On Thursday, former Libyan Interior Minister, Fathi Bashagha was sworn in as the country’s new Prime Minister during a session at the Libyan Parliament, in the eastern city of Tobruk.
Bashagha took his oath of office after his government emerged from a confidence vote on Tuesday. 92 of the 101 lawmakers in attendance approved the decision, in a live broadcast from the city of Tobruk.
“We will begin studying all options and measures necessary to take power in Tripoli by the force of law,” Bashagha said after taking the oath.
However, Bashagha also vowed to “work together to achieve reconciliation and justice,” saying: “we will work with determination to end the transitional stages.”
His cabinet includes three deputy Prime Minister’s, 29 ministers, and six ministers of state.
It has been reported that two newly appointed ministers — for Foreign Affairs and Culture — were abducted on their way to the swearing-in ceremony.
Gamal Salem Shaaban who had been appointed as Minister of Economy and Trade, said that “the session lacked transparency and integrity and did not meet procedural standards. There is no honour in being part of a cabinet that will bring about war and destruction.”
His resignation came on the heels of a UN statement voicing concerns over reports that the voting on the new government was fraught with irregularities. There are also fears that the appointment will again lead to parallel administrations, and fuel tensions in a country mired in conflict for the past decade.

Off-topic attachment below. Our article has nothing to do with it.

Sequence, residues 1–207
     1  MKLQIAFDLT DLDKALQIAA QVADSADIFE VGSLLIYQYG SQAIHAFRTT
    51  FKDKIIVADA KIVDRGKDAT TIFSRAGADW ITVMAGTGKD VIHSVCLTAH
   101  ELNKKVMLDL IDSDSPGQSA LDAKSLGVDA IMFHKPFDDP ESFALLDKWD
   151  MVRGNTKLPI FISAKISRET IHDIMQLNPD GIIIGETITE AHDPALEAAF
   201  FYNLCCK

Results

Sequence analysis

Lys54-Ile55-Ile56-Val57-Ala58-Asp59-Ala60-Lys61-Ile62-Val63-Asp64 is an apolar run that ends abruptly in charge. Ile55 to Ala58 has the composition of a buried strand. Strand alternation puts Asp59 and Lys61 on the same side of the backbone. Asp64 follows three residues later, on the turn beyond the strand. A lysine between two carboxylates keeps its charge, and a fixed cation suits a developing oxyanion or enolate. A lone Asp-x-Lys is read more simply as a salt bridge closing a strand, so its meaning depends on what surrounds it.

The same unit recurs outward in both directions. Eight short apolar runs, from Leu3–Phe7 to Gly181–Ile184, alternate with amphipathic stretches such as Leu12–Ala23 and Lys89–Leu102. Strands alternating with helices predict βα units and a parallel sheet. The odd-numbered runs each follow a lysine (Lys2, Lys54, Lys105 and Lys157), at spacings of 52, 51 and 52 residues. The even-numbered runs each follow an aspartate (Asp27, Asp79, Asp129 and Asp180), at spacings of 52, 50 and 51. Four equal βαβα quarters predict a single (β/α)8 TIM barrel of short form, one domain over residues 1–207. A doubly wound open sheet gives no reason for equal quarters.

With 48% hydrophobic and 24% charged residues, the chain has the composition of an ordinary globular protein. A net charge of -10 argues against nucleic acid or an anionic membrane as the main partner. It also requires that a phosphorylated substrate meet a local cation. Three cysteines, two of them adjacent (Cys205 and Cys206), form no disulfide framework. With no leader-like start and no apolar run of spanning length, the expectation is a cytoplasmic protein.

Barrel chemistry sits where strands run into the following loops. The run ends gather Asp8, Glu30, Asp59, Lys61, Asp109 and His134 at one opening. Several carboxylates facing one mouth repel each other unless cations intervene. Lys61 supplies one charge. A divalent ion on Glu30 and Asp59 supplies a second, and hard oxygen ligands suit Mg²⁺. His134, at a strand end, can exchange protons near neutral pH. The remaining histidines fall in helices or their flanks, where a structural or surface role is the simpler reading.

Notably, Libya’s outgoing Prime Minister, Abdel-Hamid Dbaiba has remained defiant against being replaced.
Dbaiba has repeatedly said his administration will only hand over power to an elected government. He has proposed a four-point plan to hold simultaneous Parliamentary elections, and a referendum on constitutional amendments in June. That would be followed by Presidential elections, after the new Parliament issues a permanent constitution.
Libya has been unable to hold elections since its disputed legislative vote in 2014. This caused the country to split between rival administrations, on either side of the country. Each side has been backed by armed militias, and foreign governments.